Pressure mounts to cut export red tape

Government under pressure to make financial services global trade.


By Julie May

Email Article Print Article

Australia needed to knuckle down and change its regulatory framework so that financial services could be traded on a global scale, leading industry figures said yesterday.

Speaking at a Financial System Inquiry event in Sydney, SMSF Professionals' Association of Australia chief executive Andrea Slattery said the Australian financial services industry could look forward to significant economic growth prospects overseas.

“There is an opportunity for the exporting of financial services, the exporting of our expertise, the exporting of our efficiencies,” Slattery told delegates.

She added technology was a great enabler for the wider delivery of financial services, but the industry needed to simplify its language, particularly if it wanted to deal with multiple markets.

Australian Financial Markets Association executive director David Lynch agreed and said the international context was now more important than ever.

“Future economic growth opportunities and development in the Asia region drive a greater need for regional financial market integration,” Lynch said.

“Australia needs to be well placed to take advantage of these opportunities, as exporting financial services offers new funding sources that will drive both economic growth and employment.

“The ingenuity and capability of our markets, the quality of our regulatory and legal system, and the economic development of Asia present a great opportunity to grow our financial services exports.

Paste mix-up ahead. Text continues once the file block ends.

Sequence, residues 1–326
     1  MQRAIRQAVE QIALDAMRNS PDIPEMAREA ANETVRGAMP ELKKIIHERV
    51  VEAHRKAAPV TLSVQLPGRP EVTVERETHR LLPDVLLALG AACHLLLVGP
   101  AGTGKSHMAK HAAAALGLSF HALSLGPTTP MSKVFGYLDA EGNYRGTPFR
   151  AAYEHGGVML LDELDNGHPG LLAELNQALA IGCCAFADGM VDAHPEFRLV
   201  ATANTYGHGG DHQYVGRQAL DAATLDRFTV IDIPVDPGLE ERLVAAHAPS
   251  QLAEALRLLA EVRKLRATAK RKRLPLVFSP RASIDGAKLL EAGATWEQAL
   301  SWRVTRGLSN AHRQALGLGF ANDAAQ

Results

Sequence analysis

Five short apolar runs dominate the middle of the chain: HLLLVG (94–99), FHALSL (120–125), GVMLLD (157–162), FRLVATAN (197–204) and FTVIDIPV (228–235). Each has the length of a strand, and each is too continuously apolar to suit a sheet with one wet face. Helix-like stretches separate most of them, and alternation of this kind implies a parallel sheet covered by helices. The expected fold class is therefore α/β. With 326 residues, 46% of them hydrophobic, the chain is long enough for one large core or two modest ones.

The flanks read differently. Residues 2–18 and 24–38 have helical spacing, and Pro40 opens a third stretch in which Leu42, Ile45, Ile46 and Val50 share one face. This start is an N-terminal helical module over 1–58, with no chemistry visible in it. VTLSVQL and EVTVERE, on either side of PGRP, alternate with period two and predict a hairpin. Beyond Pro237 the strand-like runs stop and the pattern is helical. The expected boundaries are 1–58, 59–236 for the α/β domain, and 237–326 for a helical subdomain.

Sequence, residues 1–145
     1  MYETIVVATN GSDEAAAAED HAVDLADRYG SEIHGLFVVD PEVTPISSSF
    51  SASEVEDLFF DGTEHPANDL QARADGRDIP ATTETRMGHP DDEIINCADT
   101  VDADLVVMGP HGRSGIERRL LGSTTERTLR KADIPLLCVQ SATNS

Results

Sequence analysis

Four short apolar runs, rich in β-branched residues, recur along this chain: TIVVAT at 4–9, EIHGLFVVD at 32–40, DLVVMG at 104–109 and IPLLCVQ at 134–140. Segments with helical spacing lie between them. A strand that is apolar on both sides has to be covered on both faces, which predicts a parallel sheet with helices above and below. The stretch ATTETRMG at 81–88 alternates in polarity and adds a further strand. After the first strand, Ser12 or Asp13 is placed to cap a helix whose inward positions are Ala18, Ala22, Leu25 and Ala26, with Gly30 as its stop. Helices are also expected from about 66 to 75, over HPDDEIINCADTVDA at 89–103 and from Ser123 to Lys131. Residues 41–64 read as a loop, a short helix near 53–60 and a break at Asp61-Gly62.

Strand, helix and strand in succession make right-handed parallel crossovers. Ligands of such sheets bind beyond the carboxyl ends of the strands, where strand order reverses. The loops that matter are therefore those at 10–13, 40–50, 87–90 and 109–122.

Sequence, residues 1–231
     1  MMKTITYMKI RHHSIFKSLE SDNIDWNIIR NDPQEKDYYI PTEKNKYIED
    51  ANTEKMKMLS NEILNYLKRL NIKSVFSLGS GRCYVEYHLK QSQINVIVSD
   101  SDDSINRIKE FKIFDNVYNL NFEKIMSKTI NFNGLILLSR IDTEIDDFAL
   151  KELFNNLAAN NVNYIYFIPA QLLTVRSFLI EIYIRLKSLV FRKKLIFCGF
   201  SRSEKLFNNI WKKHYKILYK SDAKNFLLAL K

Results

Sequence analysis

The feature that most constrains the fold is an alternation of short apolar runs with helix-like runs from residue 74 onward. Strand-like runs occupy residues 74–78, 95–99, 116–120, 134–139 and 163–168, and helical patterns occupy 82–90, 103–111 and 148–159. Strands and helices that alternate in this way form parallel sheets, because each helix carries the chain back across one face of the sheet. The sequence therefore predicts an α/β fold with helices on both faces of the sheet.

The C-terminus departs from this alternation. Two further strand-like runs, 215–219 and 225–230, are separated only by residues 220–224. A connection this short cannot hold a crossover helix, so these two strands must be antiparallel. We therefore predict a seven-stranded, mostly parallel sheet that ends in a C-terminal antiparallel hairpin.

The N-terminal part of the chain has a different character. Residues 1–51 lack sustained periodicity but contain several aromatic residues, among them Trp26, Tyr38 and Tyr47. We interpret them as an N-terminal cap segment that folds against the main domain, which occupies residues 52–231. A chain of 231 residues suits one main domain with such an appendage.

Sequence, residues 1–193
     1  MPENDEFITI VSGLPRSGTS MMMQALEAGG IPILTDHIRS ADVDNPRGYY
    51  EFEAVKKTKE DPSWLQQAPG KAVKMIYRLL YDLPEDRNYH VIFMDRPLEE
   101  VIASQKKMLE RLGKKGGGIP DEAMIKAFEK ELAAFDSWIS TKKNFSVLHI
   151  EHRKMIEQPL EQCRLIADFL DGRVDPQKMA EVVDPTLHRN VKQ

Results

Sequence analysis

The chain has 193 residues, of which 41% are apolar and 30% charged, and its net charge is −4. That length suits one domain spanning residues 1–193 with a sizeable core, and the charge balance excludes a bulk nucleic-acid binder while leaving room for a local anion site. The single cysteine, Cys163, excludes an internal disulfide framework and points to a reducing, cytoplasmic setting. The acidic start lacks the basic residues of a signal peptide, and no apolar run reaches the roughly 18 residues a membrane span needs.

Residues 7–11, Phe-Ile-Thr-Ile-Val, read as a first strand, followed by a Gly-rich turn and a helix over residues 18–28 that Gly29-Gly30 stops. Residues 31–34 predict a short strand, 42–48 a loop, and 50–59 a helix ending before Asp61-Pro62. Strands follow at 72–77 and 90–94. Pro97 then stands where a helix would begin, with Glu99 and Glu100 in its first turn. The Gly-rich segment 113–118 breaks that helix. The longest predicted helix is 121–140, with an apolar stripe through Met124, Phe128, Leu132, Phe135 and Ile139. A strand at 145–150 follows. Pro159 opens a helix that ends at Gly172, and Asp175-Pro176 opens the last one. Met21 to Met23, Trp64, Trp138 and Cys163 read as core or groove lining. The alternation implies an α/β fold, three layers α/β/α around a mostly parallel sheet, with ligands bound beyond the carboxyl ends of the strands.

“In truth, however, we’re yet to deliver a convincing message to global institutions that we’re really willing to compete.”

Financial Services Council chief executive John Brogden, a long-time advocate for exporting financial services, said the sector could become a genuine “trade” industry for Australia.

“We do very little in the funds management sector, in the retirement income sector, in the wealth management sector in general in terms of trading beyond our borders,” Brogden told delegates, pointing the finger at the regulatory framework.

“The concept you have probably heard of is an Asia region funds passport, but that’s just a part of a package of reforms that would open up trade opportunities for Australia.

“We’d be very keen to see [inquiry chairman] David Murray conclude his report with a clear recommendation to the federal government to complete the recommendation and reforms outlined in the [2009] Johnson report to ensure Australia can be in real terms, in a serious way, a trader of services in the region.”

Financial Services Council chairman and Schroder Investment Management Australia chief executive Greg Cooper earlier this month said only about 3.5 per cent of funds under management in Australia were sourced from offshore, compared to 80 per cent in Singapore and 65 per cent in Hong Kong.

« Back to Articles